Thursday, July 14, 2022

The Sex Game 2.0

I am currently at IFLT at the moment, and literally 30 minutes ago, I had a conversation with one of my absolutely favorite people in the world, Annabelle Williamson! Annabelle teaches a Spanish language lab for elementary school students at IFLT, and I LOVE, LOVE, LOVE watching her with those students, because I learn so much from observing her (as well as some Spanish). Anyhow, I told her that I had stopped by her lab briefly to see what she was doing. She then asked, "Did you see [the students] play your Seis game? I do something different with it." (The Seis Game is the Sex Game in Spanish. Again, in Latin, the word "sex" means "six"!!!). Immediately that got my attention, and Annabelle then showed me what she does with the game - I ABSOLUTELY LOVE THIS IDEA, AND I AM NOW GOING TO DO IT THIS WAY!! I just had to blog about it immediately!!

So the set up of the game is still the same involving dice and a text. The rules themselves have not changed, i.e., students will roll a dice and if they roll a six, they begin writing. However, the difference now is in the worksheet given to students. The way I learned it was to give students sentences in the target language from a known/seen reading, and the goal was to translate the sentences into English as quickly as possible. Annabelle has turned the activity into a reading game instead of one based on translation - she has the story written out for students but now it consists of a cloze sentences with a word bank at the top! So now when students roll a six, they have to pick the missing word from the word bank to complete the sentence and will continue to do this with other sentences until another student rolls a six and relinquishes control of the pen/pencil. Annabelle said to me, "Now it is a reading activity, because students have to read the sentences to know what word is missing."

My example of a Sex Game 2.0 sheet (added 8/12/22)

I am loving this change to the Sex Game, because:

  1. like Annabelle says, the focus for students is on reading and not on translation itself. Thus, Annabelle's modification has transformed this activity into one based on purposeful communication.
  2. it keeps the activity in the target language.
  3. due to the cloze sentence aspect, it requires some higher order thinking for students.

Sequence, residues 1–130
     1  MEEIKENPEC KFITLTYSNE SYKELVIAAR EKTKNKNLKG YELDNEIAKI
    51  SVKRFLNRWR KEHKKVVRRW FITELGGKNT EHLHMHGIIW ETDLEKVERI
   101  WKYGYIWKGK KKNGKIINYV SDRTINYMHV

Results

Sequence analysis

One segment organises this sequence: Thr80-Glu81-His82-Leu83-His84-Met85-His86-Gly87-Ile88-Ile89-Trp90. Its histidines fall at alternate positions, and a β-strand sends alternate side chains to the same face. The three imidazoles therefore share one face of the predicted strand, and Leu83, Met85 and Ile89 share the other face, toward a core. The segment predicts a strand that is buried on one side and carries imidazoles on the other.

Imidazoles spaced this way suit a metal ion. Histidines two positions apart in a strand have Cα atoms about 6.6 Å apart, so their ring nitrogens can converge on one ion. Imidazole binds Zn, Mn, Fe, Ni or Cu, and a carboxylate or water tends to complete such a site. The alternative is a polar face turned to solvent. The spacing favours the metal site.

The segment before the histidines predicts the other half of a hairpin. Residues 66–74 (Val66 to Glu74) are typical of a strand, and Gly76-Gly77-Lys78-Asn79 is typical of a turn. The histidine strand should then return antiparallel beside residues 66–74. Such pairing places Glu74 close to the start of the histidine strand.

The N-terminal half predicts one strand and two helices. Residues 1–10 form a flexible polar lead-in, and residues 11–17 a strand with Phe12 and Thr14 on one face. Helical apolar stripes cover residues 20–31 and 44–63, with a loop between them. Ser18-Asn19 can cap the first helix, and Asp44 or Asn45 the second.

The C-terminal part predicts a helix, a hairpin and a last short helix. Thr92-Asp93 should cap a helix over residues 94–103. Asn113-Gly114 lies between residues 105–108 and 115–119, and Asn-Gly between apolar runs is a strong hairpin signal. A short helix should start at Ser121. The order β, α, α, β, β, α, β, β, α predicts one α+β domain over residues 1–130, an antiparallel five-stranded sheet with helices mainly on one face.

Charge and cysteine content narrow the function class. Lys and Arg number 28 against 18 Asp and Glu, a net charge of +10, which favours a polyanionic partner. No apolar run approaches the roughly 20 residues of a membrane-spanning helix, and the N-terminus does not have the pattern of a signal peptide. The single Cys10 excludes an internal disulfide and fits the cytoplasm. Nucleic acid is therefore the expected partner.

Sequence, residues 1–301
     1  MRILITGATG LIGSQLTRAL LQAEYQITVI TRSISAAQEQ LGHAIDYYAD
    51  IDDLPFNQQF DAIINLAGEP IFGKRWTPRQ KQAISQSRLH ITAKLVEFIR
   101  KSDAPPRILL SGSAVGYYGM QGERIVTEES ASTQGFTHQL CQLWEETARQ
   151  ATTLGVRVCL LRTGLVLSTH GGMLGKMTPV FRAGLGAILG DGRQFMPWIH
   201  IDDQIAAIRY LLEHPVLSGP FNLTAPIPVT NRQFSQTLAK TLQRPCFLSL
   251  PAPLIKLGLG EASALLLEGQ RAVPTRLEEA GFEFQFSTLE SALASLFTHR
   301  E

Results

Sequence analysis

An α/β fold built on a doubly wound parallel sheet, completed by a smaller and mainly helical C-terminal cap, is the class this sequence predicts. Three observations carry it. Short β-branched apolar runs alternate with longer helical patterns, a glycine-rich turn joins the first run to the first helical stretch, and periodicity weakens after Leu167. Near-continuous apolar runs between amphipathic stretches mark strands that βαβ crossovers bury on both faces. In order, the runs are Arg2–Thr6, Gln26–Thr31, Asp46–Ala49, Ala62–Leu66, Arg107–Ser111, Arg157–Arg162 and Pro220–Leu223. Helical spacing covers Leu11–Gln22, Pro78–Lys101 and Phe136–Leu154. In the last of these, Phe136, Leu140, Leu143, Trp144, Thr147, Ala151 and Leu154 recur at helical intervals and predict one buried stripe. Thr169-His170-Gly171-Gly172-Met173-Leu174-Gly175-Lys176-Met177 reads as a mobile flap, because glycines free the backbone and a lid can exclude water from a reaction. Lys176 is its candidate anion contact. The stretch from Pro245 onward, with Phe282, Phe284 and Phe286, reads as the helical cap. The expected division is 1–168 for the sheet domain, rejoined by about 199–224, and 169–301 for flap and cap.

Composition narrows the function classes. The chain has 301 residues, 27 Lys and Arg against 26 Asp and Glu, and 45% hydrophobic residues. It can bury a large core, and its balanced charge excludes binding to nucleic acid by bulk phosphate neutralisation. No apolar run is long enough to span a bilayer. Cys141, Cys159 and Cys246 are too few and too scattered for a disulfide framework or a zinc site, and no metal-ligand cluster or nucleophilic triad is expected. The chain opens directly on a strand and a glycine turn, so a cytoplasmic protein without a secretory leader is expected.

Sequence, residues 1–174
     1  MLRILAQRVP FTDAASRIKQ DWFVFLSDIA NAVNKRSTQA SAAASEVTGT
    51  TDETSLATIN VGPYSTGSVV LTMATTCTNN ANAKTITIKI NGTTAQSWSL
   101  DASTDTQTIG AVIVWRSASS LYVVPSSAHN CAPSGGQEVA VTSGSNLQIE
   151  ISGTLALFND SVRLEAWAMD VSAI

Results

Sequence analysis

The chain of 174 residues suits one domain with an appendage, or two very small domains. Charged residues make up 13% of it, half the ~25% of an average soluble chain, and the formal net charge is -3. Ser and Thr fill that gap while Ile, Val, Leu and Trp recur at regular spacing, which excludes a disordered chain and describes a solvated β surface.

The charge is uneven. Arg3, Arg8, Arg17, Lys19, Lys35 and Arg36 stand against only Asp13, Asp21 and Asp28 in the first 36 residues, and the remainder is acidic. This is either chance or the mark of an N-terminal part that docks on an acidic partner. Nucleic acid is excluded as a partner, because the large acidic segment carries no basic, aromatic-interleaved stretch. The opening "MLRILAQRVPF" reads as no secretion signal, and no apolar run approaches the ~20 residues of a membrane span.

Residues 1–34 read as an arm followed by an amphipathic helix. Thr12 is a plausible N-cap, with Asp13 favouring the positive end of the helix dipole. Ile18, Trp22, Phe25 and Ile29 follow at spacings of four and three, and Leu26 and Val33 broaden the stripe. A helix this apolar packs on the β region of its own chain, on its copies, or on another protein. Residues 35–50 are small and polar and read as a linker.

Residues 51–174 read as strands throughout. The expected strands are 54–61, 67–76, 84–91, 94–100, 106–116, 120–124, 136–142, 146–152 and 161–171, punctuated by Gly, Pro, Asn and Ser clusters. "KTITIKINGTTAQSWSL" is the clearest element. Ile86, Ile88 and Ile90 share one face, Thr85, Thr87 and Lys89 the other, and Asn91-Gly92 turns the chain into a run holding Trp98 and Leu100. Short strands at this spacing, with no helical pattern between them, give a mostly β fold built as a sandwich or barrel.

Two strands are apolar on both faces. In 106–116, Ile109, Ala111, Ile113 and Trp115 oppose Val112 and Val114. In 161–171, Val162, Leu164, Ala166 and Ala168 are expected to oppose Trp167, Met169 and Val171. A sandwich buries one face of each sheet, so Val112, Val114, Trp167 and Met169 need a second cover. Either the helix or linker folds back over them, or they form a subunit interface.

4. students are receiving repetitions of understandable messages in re-reading the sentences from the story.
So consider using the Sex Game 2.0 version with your students - there is nothing wrong with the original version, and I will still continue to use it. I would love to hear how version 2.0 goes with your students. Thanks, Annabelle!!


  1. Hi Keith! This is a great idea. Questions: Did Annabelle use it for a story she had done already with the Ss or a totally new one? (Depending on the level, I could see it for both.) When you choose the “cloze” words, are you making a point not to have words that could be interchangeable? (I can’t read your Latin story so I can’t tell.) On one hand, it could come out like a mad-lib story- ie more than one infinitive (or adjective) listed in the word bank - my sister likes …to sing…(but “to run” was the correct answer… and the “to sing” should have been used in another spot). I do like the “seis” game and am looking forward to using it for reading too. Becky M. :)

    1. Becky, that is a great question. I believe that Annabelle was doing this with a Senor Wooly video/song which the kids had been learning during the week, so it was used as a post-reading activity By that point, the students were very familiar with it. Same for how I used it - it was the last day of doing a reading, and I wanted students to interact with the Latin in a known passage. Because students were very familiar with the reading (hopefully), finding the missing word from the word bank should have not been too difficult, but they had to read the sentence first to see what the missing word was - that's the part I liked the most. I suppose words could be interchanged (but grammatically it would not work, nor would the sentence make sense vocabulary-wise when read), but if students read the sentence carefully and knew the story, then if they chose the wrong word for one sentence, then they would realize it later when they needed that word but it was already used. The dice/six aspect just put a time limit on how long a student could write/look at the reading. Like you say, I do think a "mad-libs" sight version would be great too! Thanks for asking!